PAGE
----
Clinton Brown told People he thinks Chris' true fans will stick by him through this ordeal. "If you are on his side, you are on his side," he said. "Just because someone trips, if you are truly a fan, you are not going to demonize him instantaneously."
But he added, "This music industry is very unforgiving when it comes to having indiscretions. He will continue to be a good person. He loves people. And like most of us, most humans, things will occur. And hopefully a person won't be judged simply on that alone."
The repercussions are already taking effect. Wrigley Gum pulled all Doublemint ads featuring Brown earlier this week, and the avid basketball fan also canceled his scheduled appearances at the NBA All-Star Game festivities this weekend.
MORE NEWS: Peter Gabriel Protests Oscars?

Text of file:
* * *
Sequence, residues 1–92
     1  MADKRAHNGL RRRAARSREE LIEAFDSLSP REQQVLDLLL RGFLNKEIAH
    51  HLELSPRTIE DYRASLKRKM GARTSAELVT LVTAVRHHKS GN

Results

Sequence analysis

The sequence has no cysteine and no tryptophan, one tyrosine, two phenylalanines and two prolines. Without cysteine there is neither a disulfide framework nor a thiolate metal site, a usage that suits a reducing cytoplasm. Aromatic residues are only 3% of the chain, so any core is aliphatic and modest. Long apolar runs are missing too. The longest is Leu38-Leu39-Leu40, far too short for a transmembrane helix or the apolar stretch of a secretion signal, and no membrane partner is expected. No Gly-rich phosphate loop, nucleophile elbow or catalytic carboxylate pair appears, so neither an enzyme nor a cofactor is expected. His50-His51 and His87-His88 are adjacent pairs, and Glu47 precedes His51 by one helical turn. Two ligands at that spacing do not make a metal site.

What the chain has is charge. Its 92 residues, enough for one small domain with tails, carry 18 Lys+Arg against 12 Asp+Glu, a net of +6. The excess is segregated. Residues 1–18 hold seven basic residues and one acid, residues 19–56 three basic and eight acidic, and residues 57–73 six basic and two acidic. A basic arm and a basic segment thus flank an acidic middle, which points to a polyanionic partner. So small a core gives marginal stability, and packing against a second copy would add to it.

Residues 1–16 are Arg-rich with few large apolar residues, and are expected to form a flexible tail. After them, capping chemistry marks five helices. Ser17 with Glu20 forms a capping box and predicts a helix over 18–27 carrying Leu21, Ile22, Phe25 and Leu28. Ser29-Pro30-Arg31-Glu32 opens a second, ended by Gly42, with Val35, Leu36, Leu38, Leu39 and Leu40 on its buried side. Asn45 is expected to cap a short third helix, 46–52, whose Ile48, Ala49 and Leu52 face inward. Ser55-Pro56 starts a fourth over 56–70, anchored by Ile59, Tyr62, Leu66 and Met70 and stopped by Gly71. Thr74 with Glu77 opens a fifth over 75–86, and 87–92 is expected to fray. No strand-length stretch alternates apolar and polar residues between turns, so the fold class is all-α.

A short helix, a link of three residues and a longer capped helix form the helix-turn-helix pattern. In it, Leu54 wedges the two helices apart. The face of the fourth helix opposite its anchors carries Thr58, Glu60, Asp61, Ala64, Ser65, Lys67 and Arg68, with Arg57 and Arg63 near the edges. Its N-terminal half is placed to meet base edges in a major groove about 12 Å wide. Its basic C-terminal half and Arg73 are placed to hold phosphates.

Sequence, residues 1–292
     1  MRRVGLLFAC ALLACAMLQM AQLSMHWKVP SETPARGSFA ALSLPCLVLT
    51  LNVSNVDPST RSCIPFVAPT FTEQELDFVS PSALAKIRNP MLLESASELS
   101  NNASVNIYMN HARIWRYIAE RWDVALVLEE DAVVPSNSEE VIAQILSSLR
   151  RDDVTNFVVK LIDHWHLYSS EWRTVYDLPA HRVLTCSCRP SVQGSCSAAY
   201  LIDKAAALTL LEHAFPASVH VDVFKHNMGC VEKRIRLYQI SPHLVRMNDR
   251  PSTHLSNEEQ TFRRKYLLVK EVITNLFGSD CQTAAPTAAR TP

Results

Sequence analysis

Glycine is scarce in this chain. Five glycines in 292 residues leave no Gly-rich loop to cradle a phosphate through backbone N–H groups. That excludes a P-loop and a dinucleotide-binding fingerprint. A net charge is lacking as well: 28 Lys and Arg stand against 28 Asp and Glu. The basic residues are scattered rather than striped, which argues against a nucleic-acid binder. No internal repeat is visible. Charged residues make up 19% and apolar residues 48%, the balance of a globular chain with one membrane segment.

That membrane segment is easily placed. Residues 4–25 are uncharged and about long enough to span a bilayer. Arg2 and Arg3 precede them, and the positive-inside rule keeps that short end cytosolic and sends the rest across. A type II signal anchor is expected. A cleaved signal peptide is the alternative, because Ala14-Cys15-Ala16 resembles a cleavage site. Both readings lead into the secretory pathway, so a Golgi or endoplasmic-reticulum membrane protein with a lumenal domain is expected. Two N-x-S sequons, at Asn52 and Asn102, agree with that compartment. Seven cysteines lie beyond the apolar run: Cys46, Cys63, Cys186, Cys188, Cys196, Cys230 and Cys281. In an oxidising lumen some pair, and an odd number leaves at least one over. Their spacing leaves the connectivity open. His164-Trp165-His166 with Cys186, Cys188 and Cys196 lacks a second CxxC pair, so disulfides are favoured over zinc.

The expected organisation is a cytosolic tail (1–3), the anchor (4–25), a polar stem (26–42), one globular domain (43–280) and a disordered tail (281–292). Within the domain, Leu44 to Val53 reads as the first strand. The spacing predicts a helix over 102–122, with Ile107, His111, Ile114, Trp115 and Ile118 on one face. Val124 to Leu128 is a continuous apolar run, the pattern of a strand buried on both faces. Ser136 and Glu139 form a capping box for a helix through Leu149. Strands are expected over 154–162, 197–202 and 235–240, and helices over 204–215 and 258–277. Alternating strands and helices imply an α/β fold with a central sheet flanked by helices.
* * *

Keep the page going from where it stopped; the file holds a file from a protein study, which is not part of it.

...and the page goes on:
Grumpy curmudgeon Harvey Pekar (Paul Giamatti) is a file clerk at a Cleveland Pa. V.A. hospital with little ambition little hope and little joy in his life other than what he gets from reading listening to his beloved jazz records and scouring garage sales for that rare 25-cent find. It is at one such garage sale Harvey meets Robert Crumb (James Urbaniak) a fellow comic book fan and jazz enthusiast who is on the way to becoming a famous underground comic writer/illustrator. Harvey not only admires Crumb's work he also despairs of leaving this world without making his own mark on it so he takes a stab at writing a comic book that Crumb illustrates for him. Titled American Splendor Harvey's book is different than any other comic seen before; rather than focusing on superheroes or fictional characters his is an adult-themed series about his life and the working-class people he knows. The series' unsentimental hard-boiled humor finds a following and by the late 1970s Harvey had become an acclaimed underground comic book writer in his own right--he even becomes a regular guest on The David Letterman Show. Eventually he meets and marries one of his fans the sardonic and anti-establishment Joyce Brabner (Hope Davis) who faithfully supports him through their financial difficulties and Harvey's bout with illness. All the while Harvey's still toiling at his day job (the real Harvey Pekar didn't retire until 2001).